From the kitchen of One Perfect Bite...Each summer, just about this time, I start to daydream about the heady and distinctive food of the French Basque region. The Basque people occupy a narrow strip of land nestled between the Atlantic Ocean and the western Pyrenees in a region that spans the border between France and Spain. While Basque food tends to be unique, elements of both cuisines can be found in the food favored by the people of this region. Ingredients you might be familiar with, include Bayonne ham and piment d’Espelette, a chili pepper that is used to flavor one of the region's best known dishes, piperade. A fleeting thought of piperade, visually triggered by bins of peppers appearing in farmer's markets, usually begins my reverie, and before I can help myself, I find myself slicing peppers with a vengeance and speed that rivals that of the guillotine. Come September, my freezer will have neatly labeled packets of stewed and seasoned peppers that will bring sunshine to my winter kitchen. Plainly stated, I love piperade and serve it often as a main course or side dish, depending on my fancy. The dish is made with sauteed onions, bell peppers and tomatoes that are flavored with Espelette pepper. It can be served with rice or potatoes, and eggs, meat and poultry can also be added to make the dish more substantial. The dish has wonderful color that, by accident or design, reflects the red, green and white colors of the Basque flag. It also has a robust flavor that I find addicting. The recipe I use to make piperade was developed by Julia Child and can be found in her book, The Way to Cook. While there are many fine recipes for piperade floating around, I continue to use hers. It's like an old friend and my kitchen just wouldn't be the same were it to be swapped with another. If you have never had piperade, I hope you will give this recipe a try. It is wonderful and quite easy to make. Use proscuitto to replace Bayonne ham and hot Hungarian paprika as a substitute for piment d’Espelette. I most often use piperade in a braised chicken dish that is so simple it needs no recipe. A cut-up chicken is first sauteed and then placed in a casserole with piperade. It simmers, stovetop, for about 45 minutes and is served with white rice. If you like well-flavored food, I know you will love casserole. Here's the recipe.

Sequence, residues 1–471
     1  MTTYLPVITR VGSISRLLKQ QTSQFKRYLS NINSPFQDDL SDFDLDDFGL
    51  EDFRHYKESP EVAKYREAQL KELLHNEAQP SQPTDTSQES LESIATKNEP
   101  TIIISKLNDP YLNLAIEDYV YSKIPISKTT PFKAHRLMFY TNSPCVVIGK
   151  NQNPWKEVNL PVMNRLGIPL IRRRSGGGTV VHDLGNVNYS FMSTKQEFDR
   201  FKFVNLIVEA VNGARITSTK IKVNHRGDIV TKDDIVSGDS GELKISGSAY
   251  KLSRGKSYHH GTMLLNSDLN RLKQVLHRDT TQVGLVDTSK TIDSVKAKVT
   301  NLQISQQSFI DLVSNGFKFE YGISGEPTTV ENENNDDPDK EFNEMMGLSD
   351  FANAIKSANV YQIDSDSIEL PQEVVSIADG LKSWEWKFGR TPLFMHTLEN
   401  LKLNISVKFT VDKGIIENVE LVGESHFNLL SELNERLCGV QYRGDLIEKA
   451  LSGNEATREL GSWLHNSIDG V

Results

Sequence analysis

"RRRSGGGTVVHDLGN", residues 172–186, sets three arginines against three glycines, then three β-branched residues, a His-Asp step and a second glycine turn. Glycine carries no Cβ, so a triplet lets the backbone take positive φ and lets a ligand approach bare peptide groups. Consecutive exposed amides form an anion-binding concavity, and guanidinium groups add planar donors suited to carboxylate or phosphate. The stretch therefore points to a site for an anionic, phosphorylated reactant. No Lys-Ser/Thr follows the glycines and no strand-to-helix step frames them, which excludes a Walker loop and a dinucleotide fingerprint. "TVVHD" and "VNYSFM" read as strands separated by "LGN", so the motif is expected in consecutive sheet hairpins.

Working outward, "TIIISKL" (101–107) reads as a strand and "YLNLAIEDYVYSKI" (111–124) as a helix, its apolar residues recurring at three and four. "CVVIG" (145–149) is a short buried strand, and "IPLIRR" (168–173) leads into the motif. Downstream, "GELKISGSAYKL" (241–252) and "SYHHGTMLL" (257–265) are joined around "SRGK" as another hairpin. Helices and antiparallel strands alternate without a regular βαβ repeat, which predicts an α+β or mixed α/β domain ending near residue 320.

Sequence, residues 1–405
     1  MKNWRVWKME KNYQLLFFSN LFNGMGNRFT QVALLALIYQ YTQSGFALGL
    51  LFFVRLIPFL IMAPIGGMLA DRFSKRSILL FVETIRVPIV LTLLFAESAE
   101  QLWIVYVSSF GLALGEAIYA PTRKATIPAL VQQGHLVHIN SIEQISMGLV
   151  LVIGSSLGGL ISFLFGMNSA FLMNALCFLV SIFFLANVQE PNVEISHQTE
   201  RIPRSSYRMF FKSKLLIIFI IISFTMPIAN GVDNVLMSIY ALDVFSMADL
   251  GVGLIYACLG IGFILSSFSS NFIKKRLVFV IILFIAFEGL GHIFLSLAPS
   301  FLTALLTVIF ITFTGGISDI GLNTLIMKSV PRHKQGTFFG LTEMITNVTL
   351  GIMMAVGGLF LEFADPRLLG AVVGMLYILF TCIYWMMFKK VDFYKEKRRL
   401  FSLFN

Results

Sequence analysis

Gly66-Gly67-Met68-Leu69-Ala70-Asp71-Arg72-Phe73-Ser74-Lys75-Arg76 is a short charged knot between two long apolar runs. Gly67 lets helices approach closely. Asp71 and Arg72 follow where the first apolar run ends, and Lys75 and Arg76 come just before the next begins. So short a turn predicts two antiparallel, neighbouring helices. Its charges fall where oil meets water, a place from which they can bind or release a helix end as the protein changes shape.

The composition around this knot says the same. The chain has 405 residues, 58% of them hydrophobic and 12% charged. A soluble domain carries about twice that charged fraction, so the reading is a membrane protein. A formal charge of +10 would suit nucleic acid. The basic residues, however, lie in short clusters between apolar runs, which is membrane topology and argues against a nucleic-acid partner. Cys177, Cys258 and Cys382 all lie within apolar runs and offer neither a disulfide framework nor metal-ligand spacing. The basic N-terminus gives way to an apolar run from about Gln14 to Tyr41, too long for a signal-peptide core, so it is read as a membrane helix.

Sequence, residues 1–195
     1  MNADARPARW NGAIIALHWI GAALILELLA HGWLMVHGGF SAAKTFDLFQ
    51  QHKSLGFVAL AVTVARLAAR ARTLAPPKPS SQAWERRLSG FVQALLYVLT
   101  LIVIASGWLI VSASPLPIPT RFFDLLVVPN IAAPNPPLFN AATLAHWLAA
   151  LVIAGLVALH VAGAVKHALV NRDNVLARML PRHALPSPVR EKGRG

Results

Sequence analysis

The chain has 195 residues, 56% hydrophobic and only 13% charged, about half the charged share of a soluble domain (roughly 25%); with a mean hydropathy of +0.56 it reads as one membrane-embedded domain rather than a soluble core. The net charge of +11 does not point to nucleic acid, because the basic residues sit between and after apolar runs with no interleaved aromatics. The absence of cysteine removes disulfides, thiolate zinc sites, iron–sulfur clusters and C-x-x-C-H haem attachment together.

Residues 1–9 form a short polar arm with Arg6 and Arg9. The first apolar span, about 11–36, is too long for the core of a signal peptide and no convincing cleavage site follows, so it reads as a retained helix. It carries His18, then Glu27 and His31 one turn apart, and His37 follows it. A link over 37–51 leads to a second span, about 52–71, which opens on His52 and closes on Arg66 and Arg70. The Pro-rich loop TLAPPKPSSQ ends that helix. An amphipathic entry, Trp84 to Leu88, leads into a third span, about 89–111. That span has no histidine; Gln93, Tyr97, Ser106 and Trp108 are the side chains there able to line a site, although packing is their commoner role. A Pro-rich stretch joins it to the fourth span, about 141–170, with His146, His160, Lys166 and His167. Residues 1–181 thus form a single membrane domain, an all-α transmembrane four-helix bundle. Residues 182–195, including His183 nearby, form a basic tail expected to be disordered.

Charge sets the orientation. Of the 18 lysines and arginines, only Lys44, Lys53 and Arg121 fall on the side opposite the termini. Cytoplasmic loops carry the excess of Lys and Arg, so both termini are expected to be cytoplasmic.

Piperade...from the kitchen of One Perfect Bite courtesy of Julia Child
6 medium tomatoes or 1 (14.5-oz.) can diced tomatoes, drained
1 tablespoon + 2 teaspoons olive oil
4 ounces thinly sliced Bayonne ham or proscuitto, cut into 1/2-inch squares
2 medium yellow onions, halved and thinly sliced
2 medium garlic cloves, minced
2 tablespoons fresh Italian parsley, coarsely chopped
1 tablespoon fresh thyme leaves, coarsely chopped
1 medium dried bay leaf
2 medium red, yellow, or orange bell peppers, cleaned and sliced lengthwise into 1/4-inch strips
2 medium green bell peppers, cleaned and sliced lengthwise into 1/4-inch strips
2 teaspoons piment d’Espelette or hot Hungarian paprika
1) If using fresh tomatoes, bring a large saucepan of water to a boil over high heat. Prepare an ice water bath by filling a medium bowl halfway with ice and water. Using tip of a knife, remove stem and cut a shallow X-shape into bottom of each tomato. Place tomatoes in the boiling water and blanch until the skin just starts to pucker and loosen, about 10 seconds. Drain and immediately immerse tomatoes in ice water bath. Using a small knife, peel loosened skin and cut each tomato in half. With a small spoon, scrape out any seeds, then core and coarsely chop remaining flesh. Set aside.
2) Place a large Dutch oven or other heavy-bottomed pot with a tight-fitting lid over medium heat and add 1 tablespoon of oil. When oil shimmers, add ham or proscuitto and cook, stirring occasionally, until it’s golden brown, about 8 minutes. Using a slotted spoon, transfer to a plate and set aside.
3) Return pan to heat, add remaining 2 teaspoons oil, and, once heated, add onion and garlic. Cook, stirring rarely, until soft and beginning to color, about 8 minutes. Stir in herbs and pepper slices and season well with salt. Cover and cook, stirring rarely, until peppers are slightly softened, about 10 minutes.
4) Stir in diced tomatoes, browned ham, and piment d’Espelette or paprika and season well with salt. Cook uncovered until mixture melds and juices have slightly thickened, about 10 minutes. Remove bay leaf and serve. Yield: 4 to 6 servings.
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